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UBC Theses and Dissertations

The reactivity and catalytic activity of copper chlorides Ng, Ching Fai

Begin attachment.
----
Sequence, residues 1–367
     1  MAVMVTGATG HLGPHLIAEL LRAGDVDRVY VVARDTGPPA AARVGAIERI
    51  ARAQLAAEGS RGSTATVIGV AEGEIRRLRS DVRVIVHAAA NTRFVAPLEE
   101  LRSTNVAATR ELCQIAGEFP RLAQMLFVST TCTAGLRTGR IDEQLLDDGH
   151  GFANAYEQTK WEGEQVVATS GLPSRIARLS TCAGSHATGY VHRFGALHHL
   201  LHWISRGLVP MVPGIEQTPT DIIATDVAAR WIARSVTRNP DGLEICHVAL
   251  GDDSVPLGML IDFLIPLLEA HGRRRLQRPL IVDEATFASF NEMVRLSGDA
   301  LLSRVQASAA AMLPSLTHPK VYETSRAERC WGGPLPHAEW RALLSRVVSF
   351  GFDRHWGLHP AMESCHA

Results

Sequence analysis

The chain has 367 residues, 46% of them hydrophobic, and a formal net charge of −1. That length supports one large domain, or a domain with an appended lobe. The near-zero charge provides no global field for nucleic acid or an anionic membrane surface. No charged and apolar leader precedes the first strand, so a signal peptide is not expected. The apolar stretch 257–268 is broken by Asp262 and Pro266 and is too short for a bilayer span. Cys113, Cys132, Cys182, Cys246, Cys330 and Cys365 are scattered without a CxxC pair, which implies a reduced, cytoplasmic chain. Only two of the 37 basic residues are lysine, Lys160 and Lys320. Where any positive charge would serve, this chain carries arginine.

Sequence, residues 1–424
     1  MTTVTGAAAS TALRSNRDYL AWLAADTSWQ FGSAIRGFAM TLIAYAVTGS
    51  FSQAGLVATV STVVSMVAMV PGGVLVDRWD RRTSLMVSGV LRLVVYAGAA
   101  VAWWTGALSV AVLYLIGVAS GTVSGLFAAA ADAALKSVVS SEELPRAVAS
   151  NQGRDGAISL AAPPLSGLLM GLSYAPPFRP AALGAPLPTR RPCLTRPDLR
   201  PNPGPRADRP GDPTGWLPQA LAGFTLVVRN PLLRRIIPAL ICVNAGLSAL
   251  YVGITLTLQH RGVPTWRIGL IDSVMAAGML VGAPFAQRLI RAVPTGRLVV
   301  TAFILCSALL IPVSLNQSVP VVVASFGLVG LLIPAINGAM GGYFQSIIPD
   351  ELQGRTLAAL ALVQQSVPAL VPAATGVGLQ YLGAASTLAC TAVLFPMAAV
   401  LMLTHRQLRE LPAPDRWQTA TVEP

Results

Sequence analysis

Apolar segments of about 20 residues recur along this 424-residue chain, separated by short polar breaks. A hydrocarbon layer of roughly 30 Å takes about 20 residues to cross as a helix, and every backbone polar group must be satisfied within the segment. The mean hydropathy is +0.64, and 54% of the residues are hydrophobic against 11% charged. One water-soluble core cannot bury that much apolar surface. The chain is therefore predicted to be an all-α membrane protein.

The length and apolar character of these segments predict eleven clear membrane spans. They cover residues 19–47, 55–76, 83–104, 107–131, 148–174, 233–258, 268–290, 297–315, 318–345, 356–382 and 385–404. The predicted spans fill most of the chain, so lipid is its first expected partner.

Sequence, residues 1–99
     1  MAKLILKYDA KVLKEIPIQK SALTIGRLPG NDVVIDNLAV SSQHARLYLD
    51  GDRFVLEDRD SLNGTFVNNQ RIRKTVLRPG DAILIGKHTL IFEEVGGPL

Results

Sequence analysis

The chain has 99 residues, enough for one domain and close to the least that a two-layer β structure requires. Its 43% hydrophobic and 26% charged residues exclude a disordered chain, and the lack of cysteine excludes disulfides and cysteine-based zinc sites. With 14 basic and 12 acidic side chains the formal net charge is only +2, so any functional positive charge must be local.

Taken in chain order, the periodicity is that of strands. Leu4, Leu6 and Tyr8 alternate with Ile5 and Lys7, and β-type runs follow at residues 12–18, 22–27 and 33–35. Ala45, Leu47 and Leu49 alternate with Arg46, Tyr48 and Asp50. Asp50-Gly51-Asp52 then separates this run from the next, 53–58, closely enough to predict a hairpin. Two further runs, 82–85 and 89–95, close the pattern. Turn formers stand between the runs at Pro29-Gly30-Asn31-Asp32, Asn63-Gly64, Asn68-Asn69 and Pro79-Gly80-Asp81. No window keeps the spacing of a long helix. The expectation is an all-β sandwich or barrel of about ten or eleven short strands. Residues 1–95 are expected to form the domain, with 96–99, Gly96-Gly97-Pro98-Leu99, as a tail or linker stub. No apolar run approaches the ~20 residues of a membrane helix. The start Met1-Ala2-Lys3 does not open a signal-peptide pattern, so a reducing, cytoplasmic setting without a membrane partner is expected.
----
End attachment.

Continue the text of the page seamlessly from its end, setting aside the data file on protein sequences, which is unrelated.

The reactivity of copper chloride (CuC1[subscript x], 1 < x < 2) towards chlorine and its catalytic activity in the chlorination of propane have been studied. The oxidation of copper (I) chloride by chlorine was found to be diffusion controlled after the first 25% of reaction. For the chlorination of propane, CuC1 was catalytically inactive, CuC1₂ was active, but the maximum activity was found in the range CuC1₁․₅ to CuC1₁․₈ with two peaks at roughly CuC1₁․₅₇ and CuC1₁․₇₈. Both reactions appear to have an active centre in common — a Cu⁺ ion which is capable of accepting a proton. The phase of maximum catalytic activity is a highly defective CuC1₂ phase containing such centres. The mechanism for the catalytic chlorination involves the homolytic splitting of C₃H₈ and stabilization of surface radicals through proton transfer into the bulk. No compound other than CuC1 and CuC1₂ was found in the CuC1x system by X-ray powder studies. However, the results of X-ray powder, electrical conductivity and magnetic susceptibility studies provide convincing evidence for the existence of a defective CuC1₂ phase with interstitial cations as well as a cation-deficient CuC1 phase in CuC1x. Furthermore, these results are consistent with a structural change at x ∼1.63 as suggested also by the kinetic studies. While the present work shows many interesting features of the CuC1x system, there is plenty of room for further exploration in this hitherto virtually unknown field. Suggestions for future work related to the present findings are outlined in this thesis.

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